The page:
Have you ever gone to the grocery store intending to buy healthier foods, only to end up filling your cart with junk food? The grocery store is a tempting place, filled with aisle after aisle of addictive foods that are terrible for your body. Therefore, it’s very easy to pick up more food than you need, much of it being not that healthy. So if you’re ready to conquer the supermarket once and for all, here are some secrets that will help you be a healthier shopper.
Before you even set foot in the store, brainstorm the healthy meals you’d like to make for the week and then make a list of all of the ingredients that you’ll need for each meal. Once you get to the store, stick to the list! By doing so, you’ll be less likely to pick up things you don’t need and your shopping trip will end much faster. And if you need to pick up some snacks, then plan those out too.
Before you leave the house, slip a small plastic calculator into your pocket or purse. If you’re on a budget, a calculator will help you keep track of how much you’re spending. But more importantly, it can help you keep track of how nutritious the food you’re buying really is.
For instance, say you’re comparing the nutritional value of a bag of baked chips to a bag of regular chips. The bag of baked chips has half the serving size than the bag of regular chips, so you’ll need to divide the serving size of the bag of regular chips in half, as well as each of the nutritional values, to get a more accurate comparison.
The only way to know what you’re really eating is to check the ingredient label. Many foods, such as salad dressings and soups, are diluted with water. Other foods may contain MSG, aka monosodium glutamate, an additive that some people are sensitive to. If you have allergies, checking the label for ingredients you may be allergic to is always a good idea.
Speaking of serving sizes, one of the things you should always do before putting an item in your cart is to check the serving size. The label of that bottle of flavored water may say that it only contains 50 calories per serving, but how many servings are in that whole bottle? You may think the bottle itself is just one serving, but chances are, the bottle contains at least two servings, upping the calorie count to 100 instead of 50.
Many food labels are adorned with words like “organic,” “natural” and “fat-free,” but they can be misleading. If a fruit is organic, that means that it was grown in a certain way and if a meat is organic, that means that the animal was fed feed that was certified organic and is hormone- and antibiotic-free. However, the term “natural,” which may seem like a synonym for organic, isn’t regulated, so farmers and manufacturers can label their food as organic when it really isn’t. But manufacturers can label their foods as “fat-free” if they contain less than .5 grams of fat per serving. But when you add those servings up, the food isn’t really fat-free at all.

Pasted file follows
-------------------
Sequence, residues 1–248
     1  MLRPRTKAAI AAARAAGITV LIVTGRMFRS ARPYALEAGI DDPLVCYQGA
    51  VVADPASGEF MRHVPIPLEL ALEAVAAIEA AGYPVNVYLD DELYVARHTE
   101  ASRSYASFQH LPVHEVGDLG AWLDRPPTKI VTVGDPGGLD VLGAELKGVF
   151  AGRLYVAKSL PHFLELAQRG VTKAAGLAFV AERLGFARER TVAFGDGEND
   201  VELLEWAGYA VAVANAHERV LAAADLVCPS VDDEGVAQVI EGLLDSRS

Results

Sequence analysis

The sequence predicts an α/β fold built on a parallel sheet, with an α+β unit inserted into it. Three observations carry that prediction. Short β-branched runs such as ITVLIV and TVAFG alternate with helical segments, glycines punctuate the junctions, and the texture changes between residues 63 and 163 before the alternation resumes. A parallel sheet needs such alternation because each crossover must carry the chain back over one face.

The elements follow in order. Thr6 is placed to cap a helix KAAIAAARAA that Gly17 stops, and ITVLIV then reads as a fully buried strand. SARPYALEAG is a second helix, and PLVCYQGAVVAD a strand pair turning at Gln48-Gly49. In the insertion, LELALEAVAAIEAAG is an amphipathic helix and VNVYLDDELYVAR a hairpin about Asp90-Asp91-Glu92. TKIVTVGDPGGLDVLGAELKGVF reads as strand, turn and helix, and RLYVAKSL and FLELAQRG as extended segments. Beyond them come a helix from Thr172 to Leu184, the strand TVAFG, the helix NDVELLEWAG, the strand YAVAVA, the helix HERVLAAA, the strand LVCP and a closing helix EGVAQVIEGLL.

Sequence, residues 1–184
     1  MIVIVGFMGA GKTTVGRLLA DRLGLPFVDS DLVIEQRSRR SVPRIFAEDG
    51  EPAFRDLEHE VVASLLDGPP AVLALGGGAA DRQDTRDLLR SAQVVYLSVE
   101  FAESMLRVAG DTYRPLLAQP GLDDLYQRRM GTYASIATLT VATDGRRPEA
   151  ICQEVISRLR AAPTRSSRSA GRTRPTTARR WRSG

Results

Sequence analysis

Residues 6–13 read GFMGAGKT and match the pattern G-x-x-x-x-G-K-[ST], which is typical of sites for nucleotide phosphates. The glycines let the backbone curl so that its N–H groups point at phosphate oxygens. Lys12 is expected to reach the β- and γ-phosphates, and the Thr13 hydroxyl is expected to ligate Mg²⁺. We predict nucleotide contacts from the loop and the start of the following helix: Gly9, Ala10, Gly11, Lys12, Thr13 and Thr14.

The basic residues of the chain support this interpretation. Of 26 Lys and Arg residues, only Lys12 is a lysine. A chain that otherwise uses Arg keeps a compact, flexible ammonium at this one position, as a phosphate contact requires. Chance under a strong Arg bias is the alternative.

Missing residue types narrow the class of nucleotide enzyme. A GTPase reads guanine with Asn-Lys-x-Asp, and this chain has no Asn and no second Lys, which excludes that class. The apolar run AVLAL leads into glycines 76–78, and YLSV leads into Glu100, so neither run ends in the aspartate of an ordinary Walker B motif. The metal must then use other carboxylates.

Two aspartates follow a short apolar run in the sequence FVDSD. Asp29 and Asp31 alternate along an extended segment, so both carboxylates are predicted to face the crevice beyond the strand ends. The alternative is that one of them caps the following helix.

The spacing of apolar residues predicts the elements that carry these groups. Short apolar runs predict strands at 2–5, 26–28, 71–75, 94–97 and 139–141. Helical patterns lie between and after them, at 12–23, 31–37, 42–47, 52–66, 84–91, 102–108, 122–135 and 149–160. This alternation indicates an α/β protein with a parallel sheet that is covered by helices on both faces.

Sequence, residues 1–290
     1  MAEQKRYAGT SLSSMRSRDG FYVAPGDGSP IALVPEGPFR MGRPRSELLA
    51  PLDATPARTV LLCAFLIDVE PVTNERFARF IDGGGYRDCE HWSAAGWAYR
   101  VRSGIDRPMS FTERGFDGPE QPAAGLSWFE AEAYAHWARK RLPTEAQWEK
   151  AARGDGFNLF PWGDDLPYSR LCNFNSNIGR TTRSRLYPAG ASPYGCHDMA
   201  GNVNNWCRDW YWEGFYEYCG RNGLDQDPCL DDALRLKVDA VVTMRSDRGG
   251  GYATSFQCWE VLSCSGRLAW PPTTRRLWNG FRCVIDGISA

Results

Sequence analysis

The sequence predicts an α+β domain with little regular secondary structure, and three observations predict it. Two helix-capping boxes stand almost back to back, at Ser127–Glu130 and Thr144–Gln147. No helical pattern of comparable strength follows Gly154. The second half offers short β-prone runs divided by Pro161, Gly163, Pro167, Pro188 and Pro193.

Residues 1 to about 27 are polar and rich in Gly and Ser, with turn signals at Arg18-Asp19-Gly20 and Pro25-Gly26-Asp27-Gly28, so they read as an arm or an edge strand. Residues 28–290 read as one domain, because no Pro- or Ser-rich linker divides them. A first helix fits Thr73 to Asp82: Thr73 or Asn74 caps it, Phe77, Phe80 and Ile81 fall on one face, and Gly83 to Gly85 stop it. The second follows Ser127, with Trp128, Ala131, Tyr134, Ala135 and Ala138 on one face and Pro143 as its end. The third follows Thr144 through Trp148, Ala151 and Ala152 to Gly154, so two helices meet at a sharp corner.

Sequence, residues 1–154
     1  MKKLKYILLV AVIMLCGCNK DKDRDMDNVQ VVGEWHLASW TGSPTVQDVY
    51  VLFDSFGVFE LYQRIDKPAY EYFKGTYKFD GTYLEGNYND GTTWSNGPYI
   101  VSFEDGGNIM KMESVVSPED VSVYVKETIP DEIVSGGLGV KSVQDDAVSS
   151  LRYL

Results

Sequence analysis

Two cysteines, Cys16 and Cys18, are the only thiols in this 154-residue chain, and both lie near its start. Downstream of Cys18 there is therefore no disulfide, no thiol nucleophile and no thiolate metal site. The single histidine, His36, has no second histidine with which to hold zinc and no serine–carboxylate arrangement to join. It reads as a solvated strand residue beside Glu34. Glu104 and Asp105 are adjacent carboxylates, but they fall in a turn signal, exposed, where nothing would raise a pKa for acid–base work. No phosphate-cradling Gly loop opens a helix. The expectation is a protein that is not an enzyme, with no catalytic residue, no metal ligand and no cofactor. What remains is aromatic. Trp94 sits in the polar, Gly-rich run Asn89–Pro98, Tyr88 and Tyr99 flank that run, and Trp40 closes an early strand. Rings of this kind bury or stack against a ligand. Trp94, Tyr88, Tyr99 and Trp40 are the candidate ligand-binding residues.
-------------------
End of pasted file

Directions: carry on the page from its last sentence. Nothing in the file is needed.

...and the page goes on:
The term “lite” is another word that doesn’t have much regulation, so manufacturers can label their foods as “lite” as long as it has fewer calories. However, if a food is labeled as “light,” this means that it has one-third fewer calories than the regular version.
Unless you have a really large family, you probably don’t need to shop in bulk. Avoid the bulk retailers and warehouse-style grocery stores as they’ll try to entice you with deals you don’t need. Although a deep discount on 10 boxes of cookies seems like a great deal now, once you get those 10 boxes of cookies home, you may end up eating those 10 boxes way too quickly and feel guilty afterward. Or, you may not eat them fast enough and have to end up throwing half of the boxes away, which is wasteful. This will also help you with portion control.
The dairy, meat, produce and deli sections are always located around the perimeter of store, so stick to shopping in these sections as much as possible. If you have to go to a part of the store that contains tempting, unhealthy foods, grab what you need and go. For instance, if you need to get a loaf of bread from the bakery, grab it and hustle out of there. Don’t spend time looking at all of the desserts for sale, otherwise you’ll probably grab one of those, too.
Processed foods like deli meat, frozen dinners, pastries and chips should not be in your shopping cart if you’re trying to eat healthy. Many of these foods contain extra additives that your body doesn’t need. Just look at the nutrition label on some of these foods; most of them are loaded with sodium, which Americans consume too much of to begin with (see: How A Low Sodium Diet Can Save You).
When you shop on an empty stomach, your stomach ends up doing the shopping. Before you know it, your cart is filled with all kinds of junk foods and items you don’t need. So make sure that you’re good and full before wandering around the grocery store. You’ll be less likely to pick up fatty or carbohydrate-filled foods as well as those free samples that are offered throughout the store.